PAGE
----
Time Constants and Time Weightings: Definitions, Terms, Units and Parameters
Fast, Slow, Impulsive and Peak sound levels are extensively used in acoustics.
Fast, Slow and Impulse
Most sound level meters have two conventional time weightings, F = Fast and S = Slow with time constants of 125 ms and 1000 ms respectively.
Some also have Impulse Time Weighting which is a quasi-peak detection characteristic with rapid rise time (35 ms) and a much slower 1.5 second decay.
F : Fast = 125 ms up and down,
S : Slow = 1 second up and down,
I : Impulse = 35 ms while the signal level is increasing or 1,500 ms while the signal level is decreasing.
Back to the days of analogue meters, Time Weightings were introduced to give the operator chance to 'follow' the rapid meter fluctuations by eye.
Peak, True Peak
Peak : to measure the True Peak values of impulsive sound levels a meter must be equipped with a Peak Detector.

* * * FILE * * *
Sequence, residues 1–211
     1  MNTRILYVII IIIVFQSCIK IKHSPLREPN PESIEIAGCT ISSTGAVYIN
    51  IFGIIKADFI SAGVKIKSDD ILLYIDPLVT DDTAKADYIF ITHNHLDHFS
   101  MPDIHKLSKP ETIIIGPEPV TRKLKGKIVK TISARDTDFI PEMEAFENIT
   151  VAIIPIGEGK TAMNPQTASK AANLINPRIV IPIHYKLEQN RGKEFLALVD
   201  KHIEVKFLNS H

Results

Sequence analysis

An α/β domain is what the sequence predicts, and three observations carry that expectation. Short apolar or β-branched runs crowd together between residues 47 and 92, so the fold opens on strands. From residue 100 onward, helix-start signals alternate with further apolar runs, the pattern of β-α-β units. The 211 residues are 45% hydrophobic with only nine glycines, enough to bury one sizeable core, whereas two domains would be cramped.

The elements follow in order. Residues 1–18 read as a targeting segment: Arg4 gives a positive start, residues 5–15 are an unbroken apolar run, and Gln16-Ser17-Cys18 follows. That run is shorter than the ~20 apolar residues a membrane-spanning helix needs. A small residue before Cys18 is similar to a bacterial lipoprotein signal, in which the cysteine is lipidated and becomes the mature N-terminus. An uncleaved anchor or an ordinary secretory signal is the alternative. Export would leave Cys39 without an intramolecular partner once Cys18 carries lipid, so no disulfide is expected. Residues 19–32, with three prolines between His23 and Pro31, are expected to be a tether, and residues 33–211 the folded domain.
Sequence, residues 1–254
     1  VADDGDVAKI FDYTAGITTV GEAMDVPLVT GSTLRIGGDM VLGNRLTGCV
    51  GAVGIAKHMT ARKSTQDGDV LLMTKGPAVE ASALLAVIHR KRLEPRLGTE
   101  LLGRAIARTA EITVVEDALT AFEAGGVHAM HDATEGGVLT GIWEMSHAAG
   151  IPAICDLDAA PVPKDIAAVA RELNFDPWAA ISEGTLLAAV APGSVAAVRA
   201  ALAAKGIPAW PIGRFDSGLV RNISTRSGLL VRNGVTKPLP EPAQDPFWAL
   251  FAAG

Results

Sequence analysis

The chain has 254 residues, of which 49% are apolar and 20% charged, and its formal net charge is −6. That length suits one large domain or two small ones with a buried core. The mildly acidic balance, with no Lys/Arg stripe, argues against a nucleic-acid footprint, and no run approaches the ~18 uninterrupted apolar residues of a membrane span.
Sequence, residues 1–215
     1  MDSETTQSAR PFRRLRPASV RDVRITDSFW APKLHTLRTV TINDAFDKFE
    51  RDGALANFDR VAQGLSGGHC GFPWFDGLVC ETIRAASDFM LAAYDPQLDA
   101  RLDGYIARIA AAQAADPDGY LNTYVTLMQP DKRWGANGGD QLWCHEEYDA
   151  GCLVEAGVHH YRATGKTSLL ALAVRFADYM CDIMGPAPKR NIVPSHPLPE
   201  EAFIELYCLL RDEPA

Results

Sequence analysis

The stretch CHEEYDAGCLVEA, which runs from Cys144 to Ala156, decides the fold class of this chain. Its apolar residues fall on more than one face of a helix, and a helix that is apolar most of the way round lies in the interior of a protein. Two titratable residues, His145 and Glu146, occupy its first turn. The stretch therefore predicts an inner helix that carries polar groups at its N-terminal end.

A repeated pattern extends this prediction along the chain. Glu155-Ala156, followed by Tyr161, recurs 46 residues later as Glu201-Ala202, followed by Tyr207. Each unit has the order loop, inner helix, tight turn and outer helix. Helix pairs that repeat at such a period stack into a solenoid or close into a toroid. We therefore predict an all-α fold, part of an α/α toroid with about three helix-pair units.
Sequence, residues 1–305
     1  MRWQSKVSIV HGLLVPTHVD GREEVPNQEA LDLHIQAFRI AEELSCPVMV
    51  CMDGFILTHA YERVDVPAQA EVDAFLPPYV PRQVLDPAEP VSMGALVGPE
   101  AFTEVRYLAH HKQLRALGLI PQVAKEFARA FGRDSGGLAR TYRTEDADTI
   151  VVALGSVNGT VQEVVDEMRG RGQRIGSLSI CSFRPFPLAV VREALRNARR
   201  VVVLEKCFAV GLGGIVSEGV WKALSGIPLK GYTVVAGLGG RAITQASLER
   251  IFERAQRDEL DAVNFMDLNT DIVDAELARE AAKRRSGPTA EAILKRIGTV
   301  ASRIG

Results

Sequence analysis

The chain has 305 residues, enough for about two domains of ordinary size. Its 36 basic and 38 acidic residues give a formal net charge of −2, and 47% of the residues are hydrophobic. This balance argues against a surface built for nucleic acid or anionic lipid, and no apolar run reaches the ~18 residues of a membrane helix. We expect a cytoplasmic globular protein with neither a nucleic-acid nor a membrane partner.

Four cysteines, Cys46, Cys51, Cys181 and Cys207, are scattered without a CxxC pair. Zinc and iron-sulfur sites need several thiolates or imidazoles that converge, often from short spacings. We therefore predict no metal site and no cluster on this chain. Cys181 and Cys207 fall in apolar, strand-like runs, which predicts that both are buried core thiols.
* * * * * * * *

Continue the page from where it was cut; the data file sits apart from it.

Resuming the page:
Peak should not to be confused with Lmax which is usually measured with a Fast or Slow weighting.
Peak can only be measured with a
C or Flat [Z] Frequency Weighting, and even C-weighted Peak should be treated with discretion.
The A curve, for example introduces it's own time constant which makes the measurement of True Peak impossible.
Peak Detector : a peak detector responds in less than 100µs (microseconds), according to the sound level meter standards. A typical response time is 40µs.
Peak Hold : peak detection process retaining the 'true' maximum value of a signal.
Peak Level : maximum instantaneous level of stated kind that occurs during a stated time interval.
Peak Sound Level : twenty times the Logarithm to the base ten of the ratio of a peak sound pressure to the reference sound pressure.
Peak Sound Pressure : greatest absolute instantaneous Sound Pressure during a stated measurement period.
Peak-to-Peak : the amplitude difference between the most positive and most negative value in a time waveform, that is, the total Amplitude
Peak measurements are unambiguous for symmetric
Periodic waves like sine, square etc., but ambiguous when the waveform is Asymmetric.